Partner: UNT Libraries Government Documents Department

Cyber Friendly Fire

Description: Cyber friendly fire (FF) is a new concept that has been brought to the attention of Department of Defense (DoD) stakeholders through two workshops that were planned and conducted by the Air Force Research Laboratory (AFRL) and research conducted for AFRL by the Pacific Northwest National Laboratory. With this previous work in mind, we offer a definition of cyber FF as intentional offensive or defensive cyber/electronic actions intended to protect cyber systems against enemy forces or to attack enemy cyber systems, which unintentionally harms the mission effectiveness of friendly or neutral forces. Just as with combat friendly fire, a fundamental need in avoiding cyber FF is to maintain situation awareness (SA). We suggest that cyber SA concerns knowledge of a system's topology (connectedness and relationships of the nodes in a system), and critical knowledge elements such as the characteristics and vulnerabilities of the components that comprise the system (and that populate the nodes), the nature of the activities or work performed, and the available defensive (and offensive) countermeasures that may be applied to thwart network attacks. A training implication is to raise awareness and understanding of these critical knowledge units; an approach to decision aids and/or visualizations is to focus on supporting these critical knowledge units. To study cyber FF, we developed an unclassified security test range comprising a combination of virtual and physical devices that present a closed network for testing, simulation, and evaluation. This network offers services found on a production network without the associated costs of a real production network. Containing enough detail to appear realistic, this virtual and physical environment can be customized to represent different configurations. For our purposes, the test range was configured to appear as an Internet-connected Managed Service Provider (MSP) offering specialized web applications to the general public. The network is essentially ...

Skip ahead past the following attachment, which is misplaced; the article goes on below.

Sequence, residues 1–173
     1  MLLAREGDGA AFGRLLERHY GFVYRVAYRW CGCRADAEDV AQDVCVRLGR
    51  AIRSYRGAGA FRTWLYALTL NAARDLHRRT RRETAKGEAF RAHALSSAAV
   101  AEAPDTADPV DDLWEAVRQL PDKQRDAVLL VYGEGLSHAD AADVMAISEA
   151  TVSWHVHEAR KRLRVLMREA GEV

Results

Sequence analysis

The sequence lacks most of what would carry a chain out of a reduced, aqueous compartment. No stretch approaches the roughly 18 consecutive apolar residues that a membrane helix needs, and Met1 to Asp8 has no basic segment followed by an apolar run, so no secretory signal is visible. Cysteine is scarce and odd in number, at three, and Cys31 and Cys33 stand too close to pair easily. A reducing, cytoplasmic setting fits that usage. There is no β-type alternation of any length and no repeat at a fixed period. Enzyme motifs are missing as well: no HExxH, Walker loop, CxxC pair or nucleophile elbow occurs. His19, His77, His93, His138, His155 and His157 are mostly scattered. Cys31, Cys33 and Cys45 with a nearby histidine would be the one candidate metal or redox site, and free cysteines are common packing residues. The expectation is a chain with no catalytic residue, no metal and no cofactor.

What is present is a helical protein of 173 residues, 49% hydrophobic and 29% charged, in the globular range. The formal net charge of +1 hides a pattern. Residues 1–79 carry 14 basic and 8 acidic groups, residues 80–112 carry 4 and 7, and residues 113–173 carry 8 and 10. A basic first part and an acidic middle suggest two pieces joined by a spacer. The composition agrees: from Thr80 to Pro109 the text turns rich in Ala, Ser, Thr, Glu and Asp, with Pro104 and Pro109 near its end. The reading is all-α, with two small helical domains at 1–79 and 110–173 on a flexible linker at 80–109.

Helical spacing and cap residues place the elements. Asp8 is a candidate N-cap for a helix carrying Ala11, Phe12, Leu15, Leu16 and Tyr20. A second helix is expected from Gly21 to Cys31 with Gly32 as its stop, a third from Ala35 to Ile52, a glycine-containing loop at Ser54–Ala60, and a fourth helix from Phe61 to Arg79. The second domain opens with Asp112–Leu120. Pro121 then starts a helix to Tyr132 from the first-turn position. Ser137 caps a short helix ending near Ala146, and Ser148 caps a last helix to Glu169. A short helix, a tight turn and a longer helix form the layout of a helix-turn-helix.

Date: September 1, 2011
Creator: Greitzer, Frank L.; Carroll, Thomas E. & Roberts, Adam D.
Partner: UNT Libraries Government Documents Department

AMI Communication Requirements to Implement Demand-Response: Applicability of Hybrid Spread Spectrum Wireless

Description: While holistically defining the smart grid is a challenge, one area of interest is demand-response. In 2009, the Department of Energy announced over $4 billion in grant and project funding for the Smart Grid. A significant amount of this funding was allotted to utilities for cost sharing projects to deploy Smart Grid technologies, many of whom have deployed and are deploying advanced metering infrastructure (AMI). AMI is an enabler to increase the efficiency of utilities and the bulk power grid. The bulk electrical system is unique in that it produces electricity as it is consumed. Most other industries have a delay between generation and consumption. This aspect of the power grid means that there must be enough generation capacity to meet the highest demand whereas other industries could over produce during off-peak times. This requires significant investment in generation capacity to cover the few days a year of peak consumption. Since bulk electrical storage doesn't yet exist at scale another way to curb the need for new peak period generation is through demand-response; that is to incentivize consumers (demand) to curtail (respond) electrical usage during peak periods. Of the various methods proposed for enabling demand-response, this paper will focus on the communication requirements for creating an energy market using transactional controls. More specifically, the paper will focus on the communication requirements needed to send the peak period notices and receive the response back from the consumers.